A Message From John on Criterion Channel’s ‘Voices of Protest’


A heads up to any of you who have access to the Criterion Channel-  they’ve just curated a section called ‘Voices of Protest’ and there are some terrific features there, as well as documentaries covering vital American history.  Thinking about our present situation, I highly recommend- 

The Children Were Watching, made for a TV network by Richard Leacock, set during the first week of school integration in New Orleans, 1961. Documents the deep, very personal roots of virulent racism in this country-  not for the faint of heart.

Crisis, an amazing film shot in 1963 as President John and Attorney General Robert Kennedy try to negotiate a peaceful integration of the University of Alabama by a pair of courageous students, despite the then Governor, George Wallace, promising to stand in the doorway to block their entrance.  The filmmakers were allowed camera access to both camps, and what you see is what real leadership looks like-  even Wallace is trying to avoid a deadly riot like the one at the University of Mississippi a year earlier, and the Kennedys are trying to promote what they see as ‘a moral issue’ without losing the support of the entire white South (JFK’s margin in the 1960 presidential election was incredibly narrow).  At the end JFK makes a short, pointed speech that will underline the vacuum we presently have in the White House.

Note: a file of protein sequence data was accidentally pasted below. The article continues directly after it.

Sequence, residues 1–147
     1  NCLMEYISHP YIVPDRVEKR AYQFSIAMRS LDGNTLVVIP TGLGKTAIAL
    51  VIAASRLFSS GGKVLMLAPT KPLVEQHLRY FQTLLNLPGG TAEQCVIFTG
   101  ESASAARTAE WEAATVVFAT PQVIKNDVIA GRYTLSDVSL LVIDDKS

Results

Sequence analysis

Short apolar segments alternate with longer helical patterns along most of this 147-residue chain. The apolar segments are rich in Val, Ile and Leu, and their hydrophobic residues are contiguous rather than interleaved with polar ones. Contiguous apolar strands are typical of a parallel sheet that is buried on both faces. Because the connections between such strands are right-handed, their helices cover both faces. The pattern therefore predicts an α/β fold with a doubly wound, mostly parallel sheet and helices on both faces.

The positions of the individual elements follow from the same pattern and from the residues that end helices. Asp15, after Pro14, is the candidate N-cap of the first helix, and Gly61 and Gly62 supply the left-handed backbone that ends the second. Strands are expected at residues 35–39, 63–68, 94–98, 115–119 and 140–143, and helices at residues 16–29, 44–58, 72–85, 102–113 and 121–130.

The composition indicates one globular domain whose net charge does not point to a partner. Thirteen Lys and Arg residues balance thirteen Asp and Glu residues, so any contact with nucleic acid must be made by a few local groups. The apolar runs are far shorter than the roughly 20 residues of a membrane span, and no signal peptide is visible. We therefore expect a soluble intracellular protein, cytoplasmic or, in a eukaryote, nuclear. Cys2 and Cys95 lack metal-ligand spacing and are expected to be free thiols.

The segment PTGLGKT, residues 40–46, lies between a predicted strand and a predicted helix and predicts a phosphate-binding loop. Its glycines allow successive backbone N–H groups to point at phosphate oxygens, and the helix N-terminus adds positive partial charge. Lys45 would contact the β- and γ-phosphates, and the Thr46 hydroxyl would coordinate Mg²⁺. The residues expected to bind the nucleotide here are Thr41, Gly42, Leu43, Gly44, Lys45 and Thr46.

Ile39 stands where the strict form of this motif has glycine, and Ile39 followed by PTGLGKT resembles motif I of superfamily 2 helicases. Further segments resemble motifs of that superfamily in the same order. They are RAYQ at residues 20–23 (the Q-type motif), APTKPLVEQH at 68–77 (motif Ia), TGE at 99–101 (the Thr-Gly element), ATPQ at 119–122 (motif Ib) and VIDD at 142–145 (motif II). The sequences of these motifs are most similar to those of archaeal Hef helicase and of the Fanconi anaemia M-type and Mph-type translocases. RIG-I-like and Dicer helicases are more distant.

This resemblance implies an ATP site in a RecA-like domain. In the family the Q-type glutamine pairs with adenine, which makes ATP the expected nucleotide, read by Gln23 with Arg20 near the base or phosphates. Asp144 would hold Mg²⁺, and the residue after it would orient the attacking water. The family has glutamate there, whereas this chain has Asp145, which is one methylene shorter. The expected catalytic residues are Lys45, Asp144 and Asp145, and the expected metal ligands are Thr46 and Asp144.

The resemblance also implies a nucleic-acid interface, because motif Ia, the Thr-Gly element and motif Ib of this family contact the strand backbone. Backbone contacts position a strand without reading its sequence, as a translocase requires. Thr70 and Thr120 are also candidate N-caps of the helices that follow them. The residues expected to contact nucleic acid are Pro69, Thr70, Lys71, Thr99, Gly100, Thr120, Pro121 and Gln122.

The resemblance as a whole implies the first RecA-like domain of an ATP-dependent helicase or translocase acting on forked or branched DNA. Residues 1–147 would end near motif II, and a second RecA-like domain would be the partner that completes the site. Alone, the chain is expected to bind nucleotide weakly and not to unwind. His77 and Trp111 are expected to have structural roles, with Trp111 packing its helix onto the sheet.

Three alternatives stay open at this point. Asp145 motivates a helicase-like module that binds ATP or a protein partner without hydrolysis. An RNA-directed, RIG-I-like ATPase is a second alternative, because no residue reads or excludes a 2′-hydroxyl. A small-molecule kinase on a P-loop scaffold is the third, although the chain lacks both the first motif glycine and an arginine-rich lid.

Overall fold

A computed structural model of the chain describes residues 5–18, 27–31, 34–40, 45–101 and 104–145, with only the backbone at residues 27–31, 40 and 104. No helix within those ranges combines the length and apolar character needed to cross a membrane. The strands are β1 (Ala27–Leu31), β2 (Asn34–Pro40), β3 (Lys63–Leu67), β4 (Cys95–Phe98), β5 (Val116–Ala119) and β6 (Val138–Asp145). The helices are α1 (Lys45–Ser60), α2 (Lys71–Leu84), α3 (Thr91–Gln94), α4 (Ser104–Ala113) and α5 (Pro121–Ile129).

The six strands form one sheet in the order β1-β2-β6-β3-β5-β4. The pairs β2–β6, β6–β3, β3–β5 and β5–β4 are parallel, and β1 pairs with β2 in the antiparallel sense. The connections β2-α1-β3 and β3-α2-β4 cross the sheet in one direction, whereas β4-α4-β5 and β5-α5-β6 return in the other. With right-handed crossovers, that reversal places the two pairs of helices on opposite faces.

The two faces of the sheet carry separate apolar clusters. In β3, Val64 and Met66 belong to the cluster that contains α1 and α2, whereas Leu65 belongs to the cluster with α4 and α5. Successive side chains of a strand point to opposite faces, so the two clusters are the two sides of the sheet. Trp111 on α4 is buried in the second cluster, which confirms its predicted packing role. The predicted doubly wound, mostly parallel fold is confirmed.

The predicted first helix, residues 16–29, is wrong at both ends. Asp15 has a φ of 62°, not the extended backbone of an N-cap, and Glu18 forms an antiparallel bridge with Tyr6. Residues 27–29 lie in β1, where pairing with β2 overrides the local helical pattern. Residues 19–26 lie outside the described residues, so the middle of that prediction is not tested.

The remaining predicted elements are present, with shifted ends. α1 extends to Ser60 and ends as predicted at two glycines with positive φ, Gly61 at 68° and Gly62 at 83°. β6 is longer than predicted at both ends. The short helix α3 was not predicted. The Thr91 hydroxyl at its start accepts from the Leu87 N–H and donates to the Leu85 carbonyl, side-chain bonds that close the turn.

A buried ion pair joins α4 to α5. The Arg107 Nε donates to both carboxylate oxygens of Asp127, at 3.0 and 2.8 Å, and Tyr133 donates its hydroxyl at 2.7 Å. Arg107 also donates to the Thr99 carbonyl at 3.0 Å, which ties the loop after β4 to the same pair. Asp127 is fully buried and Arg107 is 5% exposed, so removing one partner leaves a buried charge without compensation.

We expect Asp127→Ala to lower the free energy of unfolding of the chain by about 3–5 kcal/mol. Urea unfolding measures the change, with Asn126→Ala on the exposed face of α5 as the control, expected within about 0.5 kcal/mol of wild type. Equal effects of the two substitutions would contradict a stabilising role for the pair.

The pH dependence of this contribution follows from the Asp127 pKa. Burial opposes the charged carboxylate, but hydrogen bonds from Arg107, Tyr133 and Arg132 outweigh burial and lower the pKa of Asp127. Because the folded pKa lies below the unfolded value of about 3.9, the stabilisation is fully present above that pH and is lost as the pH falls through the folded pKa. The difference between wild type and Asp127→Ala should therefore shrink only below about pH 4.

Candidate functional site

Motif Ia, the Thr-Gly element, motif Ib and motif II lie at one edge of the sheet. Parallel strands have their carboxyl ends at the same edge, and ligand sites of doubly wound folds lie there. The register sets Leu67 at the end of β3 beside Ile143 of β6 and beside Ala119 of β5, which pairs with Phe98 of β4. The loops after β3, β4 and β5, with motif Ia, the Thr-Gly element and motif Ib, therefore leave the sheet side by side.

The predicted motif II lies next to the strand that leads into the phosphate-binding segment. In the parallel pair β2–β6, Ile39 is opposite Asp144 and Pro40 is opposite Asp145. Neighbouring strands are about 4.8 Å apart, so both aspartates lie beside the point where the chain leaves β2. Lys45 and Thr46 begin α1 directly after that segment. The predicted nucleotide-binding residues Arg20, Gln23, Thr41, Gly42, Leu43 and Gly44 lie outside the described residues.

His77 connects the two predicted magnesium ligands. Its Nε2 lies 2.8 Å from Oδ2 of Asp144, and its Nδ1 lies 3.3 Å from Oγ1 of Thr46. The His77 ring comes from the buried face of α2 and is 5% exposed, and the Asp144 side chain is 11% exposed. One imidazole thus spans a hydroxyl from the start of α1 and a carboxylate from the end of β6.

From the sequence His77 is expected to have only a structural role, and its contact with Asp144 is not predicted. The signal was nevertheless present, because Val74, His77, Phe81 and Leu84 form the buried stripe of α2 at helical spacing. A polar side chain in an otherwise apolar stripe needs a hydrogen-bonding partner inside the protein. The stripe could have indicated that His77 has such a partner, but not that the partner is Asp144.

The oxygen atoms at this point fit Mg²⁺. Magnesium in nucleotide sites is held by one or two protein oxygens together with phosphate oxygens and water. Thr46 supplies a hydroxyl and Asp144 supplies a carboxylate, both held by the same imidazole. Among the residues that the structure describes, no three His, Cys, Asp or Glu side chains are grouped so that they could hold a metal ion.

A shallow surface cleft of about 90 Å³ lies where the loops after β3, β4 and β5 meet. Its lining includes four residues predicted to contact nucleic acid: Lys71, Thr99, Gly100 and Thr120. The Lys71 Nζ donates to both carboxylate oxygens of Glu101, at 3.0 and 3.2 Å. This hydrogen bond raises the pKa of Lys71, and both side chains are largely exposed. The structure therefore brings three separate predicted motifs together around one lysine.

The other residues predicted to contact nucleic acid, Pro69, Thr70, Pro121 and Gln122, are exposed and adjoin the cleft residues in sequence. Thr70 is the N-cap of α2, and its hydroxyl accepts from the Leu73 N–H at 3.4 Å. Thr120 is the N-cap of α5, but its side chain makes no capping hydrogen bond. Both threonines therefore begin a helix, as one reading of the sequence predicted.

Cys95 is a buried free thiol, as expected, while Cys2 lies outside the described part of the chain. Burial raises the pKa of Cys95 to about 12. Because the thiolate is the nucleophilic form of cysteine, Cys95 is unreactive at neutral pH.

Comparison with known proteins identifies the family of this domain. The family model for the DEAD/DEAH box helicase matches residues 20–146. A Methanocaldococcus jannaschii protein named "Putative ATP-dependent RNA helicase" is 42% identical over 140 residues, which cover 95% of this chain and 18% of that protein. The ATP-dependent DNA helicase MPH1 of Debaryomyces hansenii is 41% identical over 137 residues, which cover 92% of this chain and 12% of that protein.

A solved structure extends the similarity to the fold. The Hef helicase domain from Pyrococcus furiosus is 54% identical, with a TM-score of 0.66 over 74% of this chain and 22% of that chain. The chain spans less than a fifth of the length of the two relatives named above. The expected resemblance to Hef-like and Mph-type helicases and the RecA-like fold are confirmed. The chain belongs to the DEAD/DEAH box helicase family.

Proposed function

And finally Paul Robeson: Tribute to an Artist.  Besides the fact that everybody should learn, if they don’t already know, who Paul Robeson was, the film deals with something key to what we’re experiencing with the withdrawal of Confederate flags and statues, the renaming of public spaces-  Robeson gained national fame playing a poor dockworker singing the song Ole Man River in the play and then the movie of Show Boat.  The lyrics originally began with the N-word, and Robeson was able to convince composer Jerome Kern to change that.  And through the years, as he was always requested to sing his greatest hit, Robeson continued to refine the lyrics (‘Drink a little gin and you lands in jail’ became ‘Show a little grit and you lands in jail’).  He no longer sang it as that illiterate dockworker but as himself-  college graduate, All-American football star, linguist, international activist.  Culture that doesn’t doesn’t evolve with people’s lives works as a straightjacket-  it’s not only dead, it’s damaging.  Movies like Birth of a Nation and Gone With the Wind should not disappear, but be shown in a context that reminds us ‘This is what we used to accept as the truth, and how fucked up was that?‘.

Anyhow, definitely worth checking out as a reminder that what we’re going through now is a new, promising chapter in a very old, sad story.

John Sayles

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A message from John & Maggie

What a great time we had on the YELLOW EARTH book tour. We loved seeing all of our old friends. Lots of hugging and kissing and shaking of hands. That was then! We were very lucky to return home – la

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